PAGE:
UNCTAD Virtual Institute for Trade and Development
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Sovereign Asset and Liability Management: An E-Learning Training Course
II. Rationale
III. The Conceptual Balance Sheet
IV. Contingent Liabilities




Sovereign Asset and Liability Management (“SALM”) is the monitoring and quantifying the impact of movements in exchange rates, interest rates, inflation, and commodity prices on sovereign assets and liabilities and identifying other debt-related vulnerabilities in a coordinated and integrated manner (Rosenberg et al., 2005).

“Fiscal risks are deviations of fiscal outcomes from what was expected at the time of the budget or other forecast – arise from macroeconomic shocks and the realization of contingent liabilities.  Sources of risk include various shocks to macroeconomic variables (economic growth, commodity prices, inflation, interest rates, or exchange rates) as well as calls on several types of contingent liabilities” (Cebotari et al., 2009).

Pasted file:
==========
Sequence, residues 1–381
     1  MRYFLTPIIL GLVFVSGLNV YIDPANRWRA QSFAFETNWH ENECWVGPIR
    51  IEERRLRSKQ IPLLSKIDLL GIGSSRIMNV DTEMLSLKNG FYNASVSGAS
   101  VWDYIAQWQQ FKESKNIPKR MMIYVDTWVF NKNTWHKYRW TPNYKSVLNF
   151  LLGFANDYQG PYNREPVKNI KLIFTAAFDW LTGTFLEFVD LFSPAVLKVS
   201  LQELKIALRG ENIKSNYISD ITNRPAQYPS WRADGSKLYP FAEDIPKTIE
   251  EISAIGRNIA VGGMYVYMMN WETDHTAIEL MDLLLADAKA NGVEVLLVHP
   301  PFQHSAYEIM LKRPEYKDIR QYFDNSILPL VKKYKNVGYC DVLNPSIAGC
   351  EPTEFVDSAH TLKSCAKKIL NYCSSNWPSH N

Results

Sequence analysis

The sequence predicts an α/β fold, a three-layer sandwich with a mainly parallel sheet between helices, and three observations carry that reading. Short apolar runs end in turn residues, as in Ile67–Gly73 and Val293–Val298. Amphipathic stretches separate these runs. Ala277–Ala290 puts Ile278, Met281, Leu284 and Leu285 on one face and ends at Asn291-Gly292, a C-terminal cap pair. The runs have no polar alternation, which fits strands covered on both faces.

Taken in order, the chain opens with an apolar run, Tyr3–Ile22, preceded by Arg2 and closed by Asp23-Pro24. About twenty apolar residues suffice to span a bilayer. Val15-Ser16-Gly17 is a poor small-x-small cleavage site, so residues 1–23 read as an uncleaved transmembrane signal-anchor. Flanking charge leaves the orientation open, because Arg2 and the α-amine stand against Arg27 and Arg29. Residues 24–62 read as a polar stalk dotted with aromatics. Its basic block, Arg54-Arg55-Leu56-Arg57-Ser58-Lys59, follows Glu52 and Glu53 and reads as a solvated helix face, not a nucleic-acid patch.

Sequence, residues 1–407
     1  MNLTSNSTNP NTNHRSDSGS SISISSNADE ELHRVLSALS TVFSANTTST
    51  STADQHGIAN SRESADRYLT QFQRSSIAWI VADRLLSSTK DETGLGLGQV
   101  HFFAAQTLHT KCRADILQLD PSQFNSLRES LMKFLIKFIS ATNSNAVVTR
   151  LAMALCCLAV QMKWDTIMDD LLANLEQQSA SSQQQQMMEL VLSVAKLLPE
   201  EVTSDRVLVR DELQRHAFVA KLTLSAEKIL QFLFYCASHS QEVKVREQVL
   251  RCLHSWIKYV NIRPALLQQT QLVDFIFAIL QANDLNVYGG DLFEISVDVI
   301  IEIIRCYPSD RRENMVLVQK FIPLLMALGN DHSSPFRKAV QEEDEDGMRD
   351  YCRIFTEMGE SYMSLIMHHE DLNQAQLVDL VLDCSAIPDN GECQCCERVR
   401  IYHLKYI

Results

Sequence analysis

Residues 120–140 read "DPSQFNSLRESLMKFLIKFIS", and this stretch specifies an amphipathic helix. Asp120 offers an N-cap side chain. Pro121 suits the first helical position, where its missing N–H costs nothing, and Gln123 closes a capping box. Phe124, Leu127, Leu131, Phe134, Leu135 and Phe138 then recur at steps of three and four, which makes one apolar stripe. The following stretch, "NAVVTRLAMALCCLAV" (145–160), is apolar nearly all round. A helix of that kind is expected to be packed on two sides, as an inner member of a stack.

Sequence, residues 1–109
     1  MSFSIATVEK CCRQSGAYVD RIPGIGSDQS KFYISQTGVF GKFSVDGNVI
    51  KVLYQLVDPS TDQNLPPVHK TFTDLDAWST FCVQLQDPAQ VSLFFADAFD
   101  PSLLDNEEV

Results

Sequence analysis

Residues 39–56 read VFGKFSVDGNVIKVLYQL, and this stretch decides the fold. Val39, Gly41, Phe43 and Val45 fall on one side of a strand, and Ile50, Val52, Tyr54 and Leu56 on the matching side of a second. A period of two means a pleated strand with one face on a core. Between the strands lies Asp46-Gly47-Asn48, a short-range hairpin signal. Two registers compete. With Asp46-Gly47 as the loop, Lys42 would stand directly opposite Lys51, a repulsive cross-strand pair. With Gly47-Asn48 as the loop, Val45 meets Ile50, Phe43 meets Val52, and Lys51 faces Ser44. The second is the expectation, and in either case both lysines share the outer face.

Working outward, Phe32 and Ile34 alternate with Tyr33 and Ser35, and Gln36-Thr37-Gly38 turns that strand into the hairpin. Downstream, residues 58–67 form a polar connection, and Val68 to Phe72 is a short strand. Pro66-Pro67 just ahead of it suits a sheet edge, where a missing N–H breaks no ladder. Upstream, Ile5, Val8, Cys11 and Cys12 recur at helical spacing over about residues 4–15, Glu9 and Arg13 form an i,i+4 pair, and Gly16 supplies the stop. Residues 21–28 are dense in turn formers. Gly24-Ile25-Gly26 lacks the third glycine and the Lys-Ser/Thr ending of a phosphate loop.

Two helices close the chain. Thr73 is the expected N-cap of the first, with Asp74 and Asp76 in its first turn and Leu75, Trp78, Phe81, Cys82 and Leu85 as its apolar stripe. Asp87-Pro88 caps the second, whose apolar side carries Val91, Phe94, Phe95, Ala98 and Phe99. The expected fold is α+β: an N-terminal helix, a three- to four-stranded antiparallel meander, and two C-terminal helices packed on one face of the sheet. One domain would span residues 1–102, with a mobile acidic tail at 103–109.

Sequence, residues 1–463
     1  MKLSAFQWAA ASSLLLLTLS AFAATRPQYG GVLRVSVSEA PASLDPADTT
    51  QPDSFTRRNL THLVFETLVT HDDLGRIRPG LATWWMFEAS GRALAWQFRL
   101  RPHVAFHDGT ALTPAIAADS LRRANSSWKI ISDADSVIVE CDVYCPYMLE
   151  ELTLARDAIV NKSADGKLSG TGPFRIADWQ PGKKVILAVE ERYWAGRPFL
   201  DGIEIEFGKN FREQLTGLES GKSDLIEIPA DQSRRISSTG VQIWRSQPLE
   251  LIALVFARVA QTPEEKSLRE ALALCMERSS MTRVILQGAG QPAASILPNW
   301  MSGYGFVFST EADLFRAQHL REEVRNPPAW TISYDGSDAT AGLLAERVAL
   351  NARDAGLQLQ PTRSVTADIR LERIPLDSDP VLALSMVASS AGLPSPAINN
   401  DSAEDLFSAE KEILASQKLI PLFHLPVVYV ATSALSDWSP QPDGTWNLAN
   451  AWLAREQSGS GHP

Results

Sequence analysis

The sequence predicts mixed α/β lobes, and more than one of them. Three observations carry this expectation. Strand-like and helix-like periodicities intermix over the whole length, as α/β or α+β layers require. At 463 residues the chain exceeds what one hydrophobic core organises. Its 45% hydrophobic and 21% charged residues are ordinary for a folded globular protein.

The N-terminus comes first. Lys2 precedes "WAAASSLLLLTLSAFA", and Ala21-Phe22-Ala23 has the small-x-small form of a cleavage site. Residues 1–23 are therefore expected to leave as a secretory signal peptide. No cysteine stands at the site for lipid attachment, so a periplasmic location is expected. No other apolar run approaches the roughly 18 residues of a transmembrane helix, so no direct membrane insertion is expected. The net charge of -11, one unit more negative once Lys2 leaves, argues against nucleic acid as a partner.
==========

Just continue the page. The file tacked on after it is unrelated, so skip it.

Contingent liabilities(2) are obligations triggered by a discrete but uncertain event.  Contingent liabilities may be explicit or implicit.  Explicit contingent liabilities are contractual and legal obligations of the government if a particular event occurs.  Implicit contingent liabilities do not legally or contractually obligate the government if a particular event occurs.  However, due to political and public pressure, social costs, interest groups, “moral obligation,” or other reasons, the government may find it necessary to allocate resources if the event occurs.